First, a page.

Radar - Kemper County Tornado

These images from the Columbus, MS Doppler radar show the tornadic thunderstorm at 12:07 pm as the storm was moving northeast just to the southwest of Shuqualak, entering southern Noxubee County. The image on the left shows 0.5° base reflectivity data, and the image on the right shows 0.5° storm relative velocity data. Click on the thumbnail below for a higher resolution image.

 Radar - Noxubee County Tornado

Here is another look at dual pol data from the Columbus, MS radar at 12:12 pm as the tornado was moving across south central Noxubee County, south of Macon. The more traditional radar products shown at the top (base reflectivity, storm relative velocity) were showing a severe thunderstorm, with strong and tight rotation at just over 4800 feet above the ground. It was the dual-pol products on the bottom of this image that provided additional confirmation that this rotation must have been extending to the ground. The correlation coefficient (CC) product in the bottom-right helps to provide an idea of the consistency of the shape of the targets being reflected back to the radar. Higher values shows greater consistency (for instance, all rain), while lower values show less consistency (a mixture of targets). In this image we see an area of lower CC, which is actually an indication of tornadic debris of various shapes and sizes. Dual-pol continues to prove to be a powerful tool in our arsenal of technology enabling us to track severe weather. Click on the image below for a higher resolution image. 

 Radar - Noxubee County Tornado

These images from the Columbus, MS Doppler radar show the tornadic thunderstorm at 12:39 pm as the storm was moving northeast near BigBee Valley in northeast Noxubee County. The image on the left shows 0.5° base reflectivity data, and the image on the right shows 0.5° storm relative velocity data. Click on the thumbnail below for a higher resolution image.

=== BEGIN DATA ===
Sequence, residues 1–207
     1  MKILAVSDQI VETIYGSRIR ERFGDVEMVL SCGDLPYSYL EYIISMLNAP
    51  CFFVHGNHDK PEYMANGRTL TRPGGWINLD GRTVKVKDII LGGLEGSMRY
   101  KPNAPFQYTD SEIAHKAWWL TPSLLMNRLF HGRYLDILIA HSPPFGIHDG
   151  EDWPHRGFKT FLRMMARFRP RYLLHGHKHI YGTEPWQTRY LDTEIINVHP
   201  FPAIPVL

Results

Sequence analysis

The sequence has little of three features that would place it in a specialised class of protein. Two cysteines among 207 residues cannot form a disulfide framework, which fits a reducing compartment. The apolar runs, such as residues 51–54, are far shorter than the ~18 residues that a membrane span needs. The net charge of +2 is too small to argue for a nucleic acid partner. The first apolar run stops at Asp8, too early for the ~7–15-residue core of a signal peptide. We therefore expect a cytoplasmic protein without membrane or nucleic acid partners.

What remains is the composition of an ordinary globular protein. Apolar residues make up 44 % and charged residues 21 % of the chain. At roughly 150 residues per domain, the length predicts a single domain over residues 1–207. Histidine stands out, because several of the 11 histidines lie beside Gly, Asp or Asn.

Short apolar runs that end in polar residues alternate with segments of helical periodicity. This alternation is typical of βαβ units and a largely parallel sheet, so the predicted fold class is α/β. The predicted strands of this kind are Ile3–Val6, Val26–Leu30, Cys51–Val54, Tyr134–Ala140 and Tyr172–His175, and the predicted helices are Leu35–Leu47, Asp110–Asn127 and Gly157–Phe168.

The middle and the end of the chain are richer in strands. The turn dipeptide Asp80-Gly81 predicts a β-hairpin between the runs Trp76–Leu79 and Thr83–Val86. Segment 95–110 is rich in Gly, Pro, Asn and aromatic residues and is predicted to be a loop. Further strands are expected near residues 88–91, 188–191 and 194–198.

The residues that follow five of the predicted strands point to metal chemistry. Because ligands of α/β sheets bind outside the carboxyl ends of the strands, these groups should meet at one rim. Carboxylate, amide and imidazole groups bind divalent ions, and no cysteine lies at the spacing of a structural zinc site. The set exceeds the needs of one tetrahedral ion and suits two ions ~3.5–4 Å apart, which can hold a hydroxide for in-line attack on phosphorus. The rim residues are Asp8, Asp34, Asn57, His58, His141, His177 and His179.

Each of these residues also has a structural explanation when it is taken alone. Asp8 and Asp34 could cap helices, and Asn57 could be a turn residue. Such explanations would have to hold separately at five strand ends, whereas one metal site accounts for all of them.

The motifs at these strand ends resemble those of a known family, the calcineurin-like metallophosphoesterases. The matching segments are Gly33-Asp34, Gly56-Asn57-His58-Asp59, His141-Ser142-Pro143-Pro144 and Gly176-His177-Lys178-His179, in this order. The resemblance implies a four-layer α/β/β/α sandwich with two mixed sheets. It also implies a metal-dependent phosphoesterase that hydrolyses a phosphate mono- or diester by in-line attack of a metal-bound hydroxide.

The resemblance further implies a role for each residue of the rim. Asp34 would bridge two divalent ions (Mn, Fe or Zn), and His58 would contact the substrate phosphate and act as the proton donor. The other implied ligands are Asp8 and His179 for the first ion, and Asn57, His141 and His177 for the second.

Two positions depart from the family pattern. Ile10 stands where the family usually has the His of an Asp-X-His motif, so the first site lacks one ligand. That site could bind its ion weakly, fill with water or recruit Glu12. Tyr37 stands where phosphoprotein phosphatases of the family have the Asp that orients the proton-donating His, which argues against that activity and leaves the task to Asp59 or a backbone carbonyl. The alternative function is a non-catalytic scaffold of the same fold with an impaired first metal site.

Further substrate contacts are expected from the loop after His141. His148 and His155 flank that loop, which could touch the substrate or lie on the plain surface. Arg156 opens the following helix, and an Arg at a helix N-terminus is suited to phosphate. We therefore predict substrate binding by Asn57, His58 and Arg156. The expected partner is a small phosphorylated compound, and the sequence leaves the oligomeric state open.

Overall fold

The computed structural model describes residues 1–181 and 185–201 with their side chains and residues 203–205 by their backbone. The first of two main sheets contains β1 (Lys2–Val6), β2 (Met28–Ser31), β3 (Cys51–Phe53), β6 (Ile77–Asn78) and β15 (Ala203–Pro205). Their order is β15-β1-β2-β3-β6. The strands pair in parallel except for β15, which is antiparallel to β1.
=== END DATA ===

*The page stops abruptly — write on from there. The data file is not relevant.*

Radar - Noxubee County Tornado

Here is another look at dual pol data from the Columbus, MS radar at 12:39 pm as the tornado was moving across northeast Noxubee County. The more traditional radar products shown at the top (base reflectivity, storm relative velocity) were showing a severe thunderstorm, with strong and tight rotation at just over 3000 feet above the ground. It was the dual-pol products on the bottom of this image that provided additional confirmation that this rotation must have been extending to the ground. The correlation coefficient (CC) product in the bottom-right helps to provide an idea of the consistency of the shape of the targets being reflected back to the radar. Higher values shows greater consistency (for instance, all rain), while lower values show less consistency (a mixture of targets). In this image we see an area of lower CC, which is actually an indication of tornadic debris of various shapes and sizes. Dual-pol continues to prove to be a powerful tool in our arsenal of technology enabling us to track severe weather. Click on the image below for a higher resolution image. 

 Radar - Noxubee County Tornado